playing catch

A curious parallel runs through the production of Catch Me If You Can that opens its four-day run at the Opera House on Thursday. It marks not only the first touring version of the Tony-nominated musical but the national tour debut of its lead actor, Stephen Anthony.

“You know, it’s a huge learning experience,” said the recent Florida State University graduate and current New Yorker. “I’m surrounded by these actors, some of whom are on their fifth tour. And they’re just brilliant. They know how its works and they know all the little tricks of traveling well. So touring for me has been a huge adventure. And that’s kind of what the show is about – this big traveling adventure. I feel like I’m living my own dream every night – minus the crime.”

Ah, yes – the crime. Anthony plays the central character of Frank Abagnale, Jr., the playboy con man who passed himself off as a pilot, doctor, professor and lawyer before the age of 21. In the process he forged and cashed checks worldwide to the tune of $2.5 million, prompting the years-long pursuit of the FBI.

The theatrical version of Catch Me If You Can, which earned four Tony nominations, was inspired by Stephen Spielberg’s popular 2002 film of the same name (with Leonardo DiCaprio as Abagnale), which in turn was based on Abagnale’s New York Times best-selling autobiography.

stephen anthony

“I will tell you flat out, I have been in love with this story forever,” Anthony said. “I think the idea of a con man has become part of American folklore. For example, Frank Abagnale himself has almost become an American legend in that he was really the first of his kind. I remember watching the movie when I was a kid and was just riveted to the screen.

“Leonardo DiCapprio’s work in the movie is incredible. But besides that, the story itself is everyone’s kind of fantasy. You get to run off on your own as a kid and be whoever you want to be and go wherever you want.”

Including jail. Abagnale was eventually imprisoned for his mischief. But that also held a sense of fascination for Anthony, who said the musical version of Catch Me If You Can also focuses on the broken family story that led to Abagnale running away from home at age 16 and setting out on a life of young male fantasy. But he said the imprisonment also suggests a sense of redemption and somewhat delayed responsibility.

“That’s really what I think is so beautiful about the story, especially in the way that this stage version tells it – that, eventually, this life becomes not so glamorous anymore. This kid has to decide to grow up and make hard choices for redemption.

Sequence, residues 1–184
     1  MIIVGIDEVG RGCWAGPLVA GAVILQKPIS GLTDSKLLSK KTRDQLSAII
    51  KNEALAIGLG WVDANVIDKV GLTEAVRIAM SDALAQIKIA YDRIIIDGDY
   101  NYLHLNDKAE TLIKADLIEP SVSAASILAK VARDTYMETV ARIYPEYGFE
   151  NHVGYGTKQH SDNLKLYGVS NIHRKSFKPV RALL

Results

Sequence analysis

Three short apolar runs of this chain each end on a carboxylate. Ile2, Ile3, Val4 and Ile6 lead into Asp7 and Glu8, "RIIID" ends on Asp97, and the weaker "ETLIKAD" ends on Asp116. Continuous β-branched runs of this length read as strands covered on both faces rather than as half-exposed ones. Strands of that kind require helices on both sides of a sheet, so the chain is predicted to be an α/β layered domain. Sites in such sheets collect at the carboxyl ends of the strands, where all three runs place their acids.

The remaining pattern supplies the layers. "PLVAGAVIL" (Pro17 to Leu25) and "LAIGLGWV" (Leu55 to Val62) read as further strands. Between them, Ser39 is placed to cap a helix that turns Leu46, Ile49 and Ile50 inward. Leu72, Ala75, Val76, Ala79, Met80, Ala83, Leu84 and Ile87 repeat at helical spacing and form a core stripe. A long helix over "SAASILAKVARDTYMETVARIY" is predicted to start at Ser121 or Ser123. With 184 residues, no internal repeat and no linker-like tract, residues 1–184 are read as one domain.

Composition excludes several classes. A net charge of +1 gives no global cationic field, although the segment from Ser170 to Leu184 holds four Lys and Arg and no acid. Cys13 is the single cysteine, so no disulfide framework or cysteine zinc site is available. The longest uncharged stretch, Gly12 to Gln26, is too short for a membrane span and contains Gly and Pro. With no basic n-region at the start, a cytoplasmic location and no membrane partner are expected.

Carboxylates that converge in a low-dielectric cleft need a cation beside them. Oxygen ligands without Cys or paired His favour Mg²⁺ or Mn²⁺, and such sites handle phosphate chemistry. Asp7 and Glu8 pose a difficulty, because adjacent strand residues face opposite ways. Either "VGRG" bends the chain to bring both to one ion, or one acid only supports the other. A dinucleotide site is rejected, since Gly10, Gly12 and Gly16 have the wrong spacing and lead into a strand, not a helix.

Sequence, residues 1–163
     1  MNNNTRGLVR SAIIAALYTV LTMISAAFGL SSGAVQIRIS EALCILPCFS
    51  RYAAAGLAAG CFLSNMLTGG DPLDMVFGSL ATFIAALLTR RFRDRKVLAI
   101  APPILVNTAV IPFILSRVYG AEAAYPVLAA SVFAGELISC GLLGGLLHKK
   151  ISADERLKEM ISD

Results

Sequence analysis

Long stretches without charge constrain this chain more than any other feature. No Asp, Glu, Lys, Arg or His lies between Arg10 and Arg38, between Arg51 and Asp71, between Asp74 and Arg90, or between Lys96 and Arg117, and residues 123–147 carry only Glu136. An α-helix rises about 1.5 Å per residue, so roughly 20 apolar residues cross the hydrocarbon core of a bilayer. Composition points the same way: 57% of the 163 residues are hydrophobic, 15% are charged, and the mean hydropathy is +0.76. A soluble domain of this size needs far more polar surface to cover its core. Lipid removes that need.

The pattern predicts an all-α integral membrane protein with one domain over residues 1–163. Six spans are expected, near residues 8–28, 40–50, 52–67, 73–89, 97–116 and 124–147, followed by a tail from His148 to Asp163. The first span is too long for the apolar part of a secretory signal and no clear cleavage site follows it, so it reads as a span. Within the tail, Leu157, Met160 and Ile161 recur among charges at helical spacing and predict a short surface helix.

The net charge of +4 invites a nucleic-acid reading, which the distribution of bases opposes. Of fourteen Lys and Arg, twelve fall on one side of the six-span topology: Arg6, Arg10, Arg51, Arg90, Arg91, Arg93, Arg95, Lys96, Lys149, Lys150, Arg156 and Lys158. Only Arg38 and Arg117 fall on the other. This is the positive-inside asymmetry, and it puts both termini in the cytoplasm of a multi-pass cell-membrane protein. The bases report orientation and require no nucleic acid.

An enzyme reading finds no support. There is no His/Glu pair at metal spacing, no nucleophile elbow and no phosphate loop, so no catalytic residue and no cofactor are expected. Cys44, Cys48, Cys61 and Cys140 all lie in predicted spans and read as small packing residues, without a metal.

“Frank spends the whole story trying to put his family back together. Ultimately, I think that’s one of the huge perks of the show as opposed to the movie. You get the family’s story a lot more in the show. Frank is just trying to take care of them. But ultimately, it comes full circle. He realizes by the end, ‘Who’s taking care of me? Who’s telling me to make the right choices and do the right thing?’ So at the end, he’s the one who has to decide for himself. He has to grow up and see his life for what it really is. He’s got to let the glamour go, let the girls go, let the money go and pay for what he’s done so that he can start over.”

But as a musical? Granted, many contemporary musical theatre works are based on decidedly unmusical stories. Still, when watching the Spielberg film of Catch Me If You Can, images of Abagnale and Hanratty as song and dance men don’t exactly spring to mind.

“For me, musical theater is my medium of choice,” Anthony said. “It’s the way I love to tell stories. So for me, this show hits home. It packs an even greater emotional punch. The music itself is so loaded with adventure, glamour and romance. It’s all ‘60s big band, so it puts you right in that time period when pilots were really the rock stars of the generation.

“I think that the musical makes the story so much more immediate. The audience sort of gets to feel like they’re the con men themselves, like they’re in on all Frank’s mischief. But the music also makes it so much more personal. That beautiful turn of melody is sort of a window into the character’s hearts.”

‘Catch Me If You Can’ performs at 8 p.m. Jan. 31, Feb. 1, 2 and 2 p m. Feb. 2, 3 at the Lexington Opera House, 401 West Short. Tickets range from $30 to $100. Call (859) 233-3535 or (800) 745-3000 or to

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